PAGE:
TALES OF A PROFESSIONAL FOREIGNER
BY DAVE MANGENE
THE NUNS IN VUGHT
… As a teacher, my modus operandi was relatively straightforward. When the student first arrived at my little room for the lesson, we’d introduce ourselves, shake hands, sit down, and get to talking. I was teaching lessons in the afternoon so, by the time a student made it to my room, they’d already been told about me. Most likely they’d been told, by one of the British teachers in the morning, that I was American. Usually, the conversation started like this:
“Well it’s nice to meet you Wim” I said.
“Uhm, yes. Nice to meet you too.” Wim answered. “You don’t talk like de other teachers” Wim countered.
“What do you mean Wim?” I asked, knowing full well.
“You are American. They are British” he said, proud he’d spotted the difference.
“Yes. Yes, I am. Have you ever been to America?” I asked.
My first move in the game. It seems an innocuous question, but there is plenty to learn from the response. The most common response to this question?
“Yes” he’d say, “I have been to America. To New York!”
The Big Apple. If I had a nickel for every Dutch person that had been to New York…
The counter-productive response to his answer would be for me to say, “but New York isn’t really America…” Never mind that it might be true. The point is to keep the conversation going and telling a student that New York wasn’t exactly the Blue Ridge Mountains would only discourage them. In short, it would shut them up and that is exactly what I didn’t want.
“New York City, the city that never sleeps” I answered, happy for him.
His trip to NYC meant a few things. First, and perhaps most importantly, he wasn’t anti-American. He was open to the culture. Second, he’d been influenced by popular culture. He’d seen movies, he’d watched television, he’d listened to music and he wanted to see the great New York. Third, his visit to Manhattan didn’t instruct him too thoroughly about American culture because he’d been to the bluest of blue states and felt nothing of the red state narrative. He was in the bubble.
But the bubble didn’t matter much. He’d been to New York and that gave me some mileage. Mileage, among us conversation teachers, was slang for “conversational material”. Knowing that we’d be spending five hours with each student, we needed stuff to talk about so we were always on the lookout for mileage. With enough mileage, those five hours of conversation lessons would cruise by. Easy money. On those desperate occasions where students didn’t provide much mileage, five hours was longer than two lifetimes.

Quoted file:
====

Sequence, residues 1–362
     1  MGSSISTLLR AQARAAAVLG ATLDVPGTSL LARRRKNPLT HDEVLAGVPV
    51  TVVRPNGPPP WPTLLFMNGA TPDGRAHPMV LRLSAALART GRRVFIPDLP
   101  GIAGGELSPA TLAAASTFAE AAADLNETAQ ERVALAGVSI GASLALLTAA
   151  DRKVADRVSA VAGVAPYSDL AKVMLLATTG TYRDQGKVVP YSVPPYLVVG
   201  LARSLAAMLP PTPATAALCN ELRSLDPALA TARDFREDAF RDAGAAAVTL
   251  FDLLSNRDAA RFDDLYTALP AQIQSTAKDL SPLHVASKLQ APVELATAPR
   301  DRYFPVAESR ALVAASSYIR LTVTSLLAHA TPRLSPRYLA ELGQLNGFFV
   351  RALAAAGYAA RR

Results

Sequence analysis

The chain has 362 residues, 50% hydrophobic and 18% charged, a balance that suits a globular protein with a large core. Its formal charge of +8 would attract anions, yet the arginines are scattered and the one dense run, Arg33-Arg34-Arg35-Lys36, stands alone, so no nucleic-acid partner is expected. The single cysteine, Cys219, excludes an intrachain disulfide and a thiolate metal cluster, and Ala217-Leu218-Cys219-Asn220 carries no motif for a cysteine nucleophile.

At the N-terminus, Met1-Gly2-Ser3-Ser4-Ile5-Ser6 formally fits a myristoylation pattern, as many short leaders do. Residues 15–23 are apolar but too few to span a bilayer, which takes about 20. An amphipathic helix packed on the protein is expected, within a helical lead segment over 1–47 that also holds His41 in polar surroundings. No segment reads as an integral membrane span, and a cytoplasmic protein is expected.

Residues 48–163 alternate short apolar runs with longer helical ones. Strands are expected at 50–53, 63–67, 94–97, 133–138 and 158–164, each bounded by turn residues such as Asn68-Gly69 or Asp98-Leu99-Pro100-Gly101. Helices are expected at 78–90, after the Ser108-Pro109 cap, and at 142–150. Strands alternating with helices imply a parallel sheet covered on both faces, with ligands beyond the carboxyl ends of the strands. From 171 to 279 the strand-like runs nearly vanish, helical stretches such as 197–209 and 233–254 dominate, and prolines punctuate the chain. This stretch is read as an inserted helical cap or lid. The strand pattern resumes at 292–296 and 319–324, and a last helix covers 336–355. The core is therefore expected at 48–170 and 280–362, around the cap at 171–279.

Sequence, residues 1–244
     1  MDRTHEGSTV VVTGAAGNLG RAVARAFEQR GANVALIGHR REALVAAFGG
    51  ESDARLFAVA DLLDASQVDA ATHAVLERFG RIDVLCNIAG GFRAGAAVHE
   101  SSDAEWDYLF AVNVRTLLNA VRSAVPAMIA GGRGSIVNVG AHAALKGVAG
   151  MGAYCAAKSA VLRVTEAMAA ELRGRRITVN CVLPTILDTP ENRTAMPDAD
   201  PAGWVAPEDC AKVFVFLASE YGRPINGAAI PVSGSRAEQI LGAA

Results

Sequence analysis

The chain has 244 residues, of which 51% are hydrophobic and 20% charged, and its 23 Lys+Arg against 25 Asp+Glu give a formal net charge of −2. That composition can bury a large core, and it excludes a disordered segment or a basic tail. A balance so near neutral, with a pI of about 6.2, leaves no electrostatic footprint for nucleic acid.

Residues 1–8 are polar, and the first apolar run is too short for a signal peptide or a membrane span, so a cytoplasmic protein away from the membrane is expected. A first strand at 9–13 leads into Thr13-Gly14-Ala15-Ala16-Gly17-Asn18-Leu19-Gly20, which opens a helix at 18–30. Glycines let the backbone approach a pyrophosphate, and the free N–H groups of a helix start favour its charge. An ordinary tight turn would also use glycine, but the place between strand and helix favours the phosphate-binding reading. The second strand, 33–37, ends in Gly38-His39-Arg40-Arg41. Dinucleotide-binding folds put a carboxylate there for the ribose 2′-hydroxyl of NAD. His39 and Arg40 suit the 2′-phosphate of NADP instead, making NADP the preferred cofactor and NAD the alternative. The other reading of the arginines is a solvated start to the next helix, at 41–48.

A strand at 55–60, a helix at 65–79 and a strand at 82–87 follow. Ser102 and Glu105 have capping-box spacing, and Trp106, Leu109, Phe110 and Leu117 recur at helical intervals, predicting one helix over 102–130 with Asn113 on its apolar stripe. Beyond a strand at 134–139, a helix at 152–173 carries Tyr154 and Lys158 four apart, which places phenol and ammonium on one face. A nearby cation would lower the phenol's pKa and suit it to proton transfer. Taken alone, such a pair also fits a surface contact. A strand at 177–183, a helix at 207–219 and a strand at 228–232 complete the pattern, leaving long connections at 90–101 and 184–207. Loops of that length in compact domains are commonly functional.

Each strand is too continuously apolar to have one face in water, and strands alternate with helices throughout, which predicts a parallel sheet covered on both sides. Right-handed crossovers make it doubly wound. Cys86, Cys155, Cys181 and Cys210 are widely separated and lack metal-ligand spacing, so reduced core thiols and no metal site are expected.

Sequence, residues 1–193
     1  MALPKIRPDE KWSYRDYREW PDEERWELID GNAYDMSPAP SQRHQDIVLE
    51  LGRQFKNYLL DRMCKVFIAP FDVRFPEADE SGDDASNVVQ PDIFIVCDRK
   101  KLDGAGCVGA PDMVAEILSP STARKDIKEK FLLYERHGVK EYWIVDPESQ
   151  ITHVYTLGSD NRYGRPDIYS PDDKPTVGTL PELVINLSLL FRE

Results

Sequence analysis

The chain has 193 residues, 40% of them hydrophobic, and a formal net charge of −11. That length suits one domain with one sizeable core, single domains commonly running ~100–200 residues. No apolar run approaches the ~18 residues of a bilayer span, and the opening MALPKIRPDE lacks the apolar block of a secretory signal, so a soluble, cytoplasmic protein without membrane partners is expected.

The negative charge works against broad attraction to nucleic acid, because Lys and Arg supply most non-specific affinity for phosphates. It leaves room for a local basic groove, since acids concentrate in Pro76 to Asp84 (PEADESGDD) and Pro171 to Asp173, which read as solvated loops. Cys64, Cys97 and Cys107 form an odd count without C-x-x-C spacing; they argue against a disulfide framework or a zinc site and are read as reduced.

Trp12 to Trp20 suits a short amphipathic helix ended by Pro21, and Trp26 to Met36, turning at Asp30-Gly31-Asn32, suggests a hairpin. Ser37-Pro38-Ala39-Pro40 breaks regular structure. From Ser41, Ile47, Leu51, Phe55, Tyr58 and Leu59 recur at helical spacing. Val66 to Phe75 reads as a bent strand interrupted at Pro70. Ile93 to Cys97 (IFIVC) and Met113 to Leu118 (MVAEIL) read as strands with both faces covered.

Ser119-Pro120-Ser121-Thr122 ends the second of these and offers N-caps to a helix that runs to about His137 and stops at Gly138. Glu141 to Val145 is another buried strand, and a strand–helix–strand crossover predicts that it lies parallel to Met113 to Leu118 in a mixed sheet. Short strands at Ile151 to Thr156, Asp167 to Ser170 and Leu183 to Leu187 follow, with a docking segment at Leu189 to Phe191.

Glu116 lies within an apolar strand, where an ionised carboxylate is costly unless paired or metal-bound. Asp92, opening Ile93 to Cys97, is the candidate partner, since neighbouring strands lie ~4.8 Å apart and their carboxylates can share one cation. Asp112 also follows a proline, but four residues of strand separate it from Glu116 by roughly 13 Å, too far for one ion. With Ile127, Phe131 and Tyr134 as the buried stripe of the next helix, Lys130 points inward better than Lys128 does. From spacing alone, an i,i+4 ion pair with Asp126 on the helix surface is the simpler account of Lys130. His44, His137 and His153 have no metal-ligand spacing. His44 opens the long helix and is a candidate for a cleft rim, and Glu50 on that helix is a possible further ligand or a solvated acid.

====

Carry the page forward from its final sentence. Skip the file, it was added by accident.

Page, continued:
With the “New York” people, I’d go straight to the tourist mileage. Had they been to the Statue of Liberty? Had they been to the Empire State Building? Ground Zero? The whole issue of 9/11, although a politically loaded topic, was guaranteed for at least 15 minutes of mileage. Fifteen minutes might not seem like a lot of time to you, but it was a good chunk of any conversation lesson, and worthy of some genuine mileage. With a particularly curious student, 9/11 could even get an entire lesson’s worth of mileage which was always the best result. To keep my student talking for an entire hour, on one subject – that was the holy grail.
During lessons, I wrote the student’s mistakes down. I did it without interrupting them, simply writing their exact words in quotes, while never losing eye contact. Over time I got very proficient at writing legible words without looking at the paper. Students would even get used to me writing down their mistakes, the act of me picking up my pen being a signal that said “a mistake was just made”. With the best students, me reaching for my pen was all they needed; as soon as I did it, they corrected themselves. Just like that.
At the end of the lesson, I had to write down what we’d done on the student’s “white card”. The card was a mini-folder that we used as a record of the lessons. It was a way for each teacher to report to the other teachers what had been done during the lesson. If I spent an hour talking about New York for example, I’d write: “great conversation about New York, 9/11, terrorism. Student making good progress!” It wasn’t rocket science, and it was perhaps a bit superficial, but it did the trick. My fellow teachers knew what was going on, and the student got a wee bit of encouragement.
If “mileage” was the precious commodity I sought as a conversation teacher, “pulling teeth” or “being a dentist” was the third ring of Dante’s Inferno. Put bluntly, pulling teeth meant a student would not, or could not, talk. The pressure of speaking English, the presence of an “authority” figure, a cramped room – it sometimes added up to a student who froze in fear. First and foremost, I felt for these students. They did not have an easy time of it. They would break out in what comedians eloquently refer to as “flop sweat” – meaning they were failing at the task and it was making them sweat. I never cursed these folks. It was my job as a teacher to encourage them to talk, and I had zero interest in shaming them into talking. That approach wouldn’t have worked anyway. If a guy’s brain shut down due to the pressure, no amount of force would do any good. So, I didn’t think lesser of them.
But it was still tricky situation. A “pulling teeth” situation sounded like this…